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Injury risk and severity in a sample of Maryland residents with serious mental illness
  1. Emma E McGinty,
  2. Susan P Baker,
  3. Donald M Steinwachs,
  4. Gail Daumit
  1. Department of Health Policy and Management, Johns Hopkins Bloomberg School of Public Health, Baltimore Maryland, USA
  1. Correspondence to Dr Gail Daumit, Associate Professor of Medicine, Psychiatry, Epidemiology, Health Policy and Management and Mental Health, Johns Hopkins Medical Institutions, Division of General Internal Medicine, Welch Center for Prevention, Epidemiology and Clinical Research, 2024 East Monument Street, Room 2-513, Baltimore, MD 21287, USA; gdaumit{at}jhmi.edu

Abstract

Objective Adults with serious mental illness experience premature mortality and heightened risk for medical disease, but little is known about the burden of injuries in this population. The objective of this study was to describe injury incidence among persons with serious mental illness.

Methods We conducted a retrospective cohort study of 6234 Maryl and Medicaid recipients with serious mental illness from 1994–2001. Injuries were classified using the Barell Matrix. Relative risks were calculated to compare injury rates among the study cohort with injury rates in the United States population. Cox proportional hazards modeling with time dependent covariates was used to assess factors related to risk of injury and injury-related death.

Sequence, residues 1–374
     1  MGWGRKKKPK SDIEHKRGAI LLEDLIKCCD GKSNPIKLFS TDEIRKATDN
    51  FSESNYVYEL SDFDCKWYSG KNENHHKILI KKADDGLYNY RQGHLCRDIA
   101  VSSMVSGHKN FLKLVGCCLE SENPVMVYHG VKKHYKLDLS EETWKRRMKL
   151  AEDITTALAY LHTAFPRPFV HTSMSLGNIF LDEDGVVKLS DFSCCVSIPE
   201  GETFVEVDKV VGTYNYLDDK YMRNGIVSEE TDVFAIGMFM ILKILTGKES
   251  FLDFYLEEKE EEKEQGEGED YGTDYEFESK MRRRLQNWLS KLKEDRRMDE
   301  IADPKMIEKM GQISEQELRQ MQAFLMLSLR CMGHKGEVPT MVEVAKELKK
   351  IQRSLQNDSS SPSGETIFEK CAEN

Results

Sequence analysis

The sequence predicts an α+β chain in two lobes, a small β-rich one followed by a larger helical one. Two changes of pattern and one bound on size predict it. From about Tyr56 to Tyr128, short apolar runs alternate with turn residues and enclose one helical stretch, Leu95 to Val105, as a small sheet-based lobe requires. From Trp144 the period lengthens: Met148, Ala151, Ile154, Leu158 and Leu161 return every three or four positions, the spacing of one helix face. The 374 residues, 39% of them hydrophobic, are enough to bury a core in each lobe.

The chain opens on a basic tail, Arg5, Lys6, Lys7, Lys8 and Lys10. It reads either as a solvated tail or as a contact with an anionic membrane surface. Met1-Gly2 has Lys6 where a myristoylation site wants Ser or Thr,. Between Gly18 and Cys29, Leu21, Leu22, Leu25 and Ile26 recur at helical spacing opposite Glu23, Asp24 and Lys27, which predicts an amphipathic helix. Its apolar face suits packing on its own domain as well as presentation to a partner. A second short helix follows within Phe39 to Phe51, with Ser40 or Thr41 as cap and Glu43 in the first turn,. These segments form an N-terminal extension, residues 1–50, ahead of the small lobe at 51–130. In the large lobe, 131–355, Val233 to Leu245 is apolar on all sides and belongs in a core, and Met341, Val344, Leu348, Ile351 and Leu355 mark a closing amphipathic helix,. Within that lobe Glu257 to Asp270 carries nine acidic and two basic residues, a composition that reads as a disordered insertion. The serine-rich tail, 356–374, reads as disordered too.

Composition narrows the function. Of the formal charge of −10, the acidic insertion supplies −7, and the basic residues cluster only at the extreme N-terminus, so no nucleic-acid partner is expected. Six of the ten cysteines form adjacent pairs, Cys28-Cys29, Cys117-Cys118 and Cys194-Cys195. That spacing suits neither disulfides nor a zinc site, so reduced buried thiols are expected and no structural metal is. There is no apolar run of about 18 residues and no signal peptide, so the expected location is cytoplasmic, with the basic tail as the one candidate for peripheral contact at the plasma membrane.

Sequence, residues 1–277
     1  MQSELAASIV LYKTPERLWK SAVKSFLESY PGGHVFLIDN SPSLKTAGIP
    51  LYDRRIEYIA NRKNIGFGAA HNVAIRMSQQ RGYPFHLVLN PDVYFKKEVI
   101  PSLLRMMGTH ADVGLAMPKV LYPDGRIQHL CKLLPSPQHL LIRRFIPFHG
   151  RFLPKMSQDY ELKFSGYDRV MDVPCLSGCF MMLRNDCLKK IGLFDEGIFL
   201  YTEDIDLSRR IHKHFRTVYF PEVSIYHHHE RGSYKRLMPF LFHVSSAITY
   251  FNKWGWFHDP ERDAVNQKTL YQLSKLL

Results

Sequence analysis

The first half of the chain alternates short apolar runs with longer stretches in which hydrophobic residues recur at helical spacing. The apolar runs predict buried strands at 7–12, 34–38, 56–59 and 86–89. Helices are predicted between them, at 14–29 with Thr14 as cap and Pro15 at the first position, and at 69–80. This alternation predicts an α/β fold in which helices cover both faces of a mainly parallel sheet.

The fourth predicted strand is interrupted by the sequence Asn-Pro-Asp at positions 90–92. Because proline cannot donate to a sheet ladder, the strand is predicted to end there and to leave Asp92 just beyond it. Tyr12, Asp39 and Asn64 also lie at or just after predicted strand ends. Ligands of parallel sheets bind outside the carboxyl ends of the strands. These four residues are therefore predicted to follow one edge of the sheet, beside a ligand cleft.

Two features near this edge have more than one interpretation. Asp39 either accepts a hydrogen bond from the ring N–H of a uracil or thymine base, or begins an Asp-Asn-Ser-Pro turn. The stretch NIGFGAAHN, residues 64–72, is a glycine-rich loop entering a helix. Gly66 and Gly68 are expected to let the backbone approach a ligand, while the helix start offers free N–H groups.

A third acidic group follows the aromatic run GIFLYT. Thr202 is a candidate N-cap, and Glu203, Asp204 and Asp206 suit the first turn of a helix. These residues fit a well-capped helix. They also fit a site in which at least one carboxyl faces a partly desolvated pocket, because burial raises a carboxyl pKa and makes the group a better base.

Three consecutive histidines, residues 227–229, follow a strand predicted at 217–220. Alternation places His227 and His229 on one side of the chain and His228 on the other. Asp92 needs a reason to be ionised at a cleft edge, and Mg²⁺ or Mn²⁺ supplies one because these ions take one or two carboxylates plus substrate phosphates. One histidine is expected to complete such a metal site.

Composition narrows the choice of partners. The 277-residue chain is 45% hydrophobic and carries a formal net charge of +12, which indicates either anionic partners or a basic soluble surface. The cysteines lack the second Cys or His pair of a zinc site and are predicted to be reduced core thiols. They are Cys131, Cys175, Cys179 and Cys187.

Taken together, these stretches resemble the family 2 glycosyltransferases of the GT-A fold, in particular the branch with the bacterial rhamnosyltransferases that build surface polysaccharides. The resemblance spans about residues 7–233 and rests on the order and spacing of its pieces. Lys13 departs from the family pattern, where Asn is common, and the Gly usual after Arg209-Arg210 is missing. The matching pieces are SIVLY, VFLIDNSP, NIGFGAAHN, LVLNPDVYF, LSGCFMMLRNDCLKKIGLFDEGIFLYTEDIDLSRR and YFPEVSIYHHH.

Results Forty-three percent of the Maryland Medicaid cohort had any injury diagnosis. Of the 7298 injuries incurred, the most common categories were systemic injuries due to poisoning (10.4%), open wounds to the head/face (8.9%), and superficial injuries, fractures, and sprains of the extremities (8.6%, 8.5%, and 8.4%, respectively). Injury incidence was 80% higher and risk for fatal injury was more than four and a half times higher among the cohort with serious mental illness compared to the general population. Alcohol and drug abuse were associated with both risk of injury and risk of injury-related death with hazard ratios of 1.87 and 4.76 at the p<0.05 significance level, respectively.

Conclusions The superficial, minor nature of the majority of injuries is consistent with acts of minor victimization and violence or falls. High risk of fatal and non-fatal injury among this group indicates need for increased injury prevention efforts targeting persons with serious mental illness and their caregivers.

  • Injury
  • serious mental illness
  • schizophrenia
  • bipolar disorder
  • Barell matrix
  • legislation
  • media
  • policy
  • occupational
  • MVTC
  • fires
  • falls
  • medical error
  • epidemiology
  • disability
  • mental health
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Footnotes

  • Funding Funding was received from NIMH Grant R01MH074070.

  • Competing interests None.

  • Ethics approval Ethics approval was provided by Johns Hopkins School of Medicine and Maryland Department of Health and Mental Hygiene.

  • Provenance and peer review Not commissioned; externally peer reviewed.

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